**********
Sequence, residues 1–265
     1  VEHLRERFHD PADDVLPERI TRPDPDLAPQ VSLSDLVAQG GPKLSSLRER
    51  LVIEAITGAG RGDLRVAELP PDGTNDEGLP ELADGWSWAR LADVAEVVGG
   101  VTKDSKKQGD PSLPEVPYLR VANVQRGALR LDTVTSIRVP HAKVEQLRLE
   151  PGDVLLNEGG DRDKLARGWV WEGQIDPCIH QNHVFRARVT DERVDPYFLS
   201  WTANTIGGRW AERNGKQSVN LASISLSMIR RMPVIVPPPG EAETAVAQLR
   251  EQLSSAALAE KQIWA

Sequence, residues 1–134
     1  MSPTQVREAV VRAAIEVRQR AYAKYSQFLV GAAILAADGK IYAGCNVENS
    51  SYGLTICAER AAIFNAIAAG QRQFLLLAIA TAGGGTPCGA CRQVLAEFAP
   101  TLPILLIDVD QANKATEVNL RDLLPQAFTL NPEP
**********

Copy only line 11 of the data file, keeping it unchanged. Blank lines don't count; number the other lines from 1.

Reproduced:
   101  TLPILLIDVD QANKATEVNL RDLLPQAFTL NPEP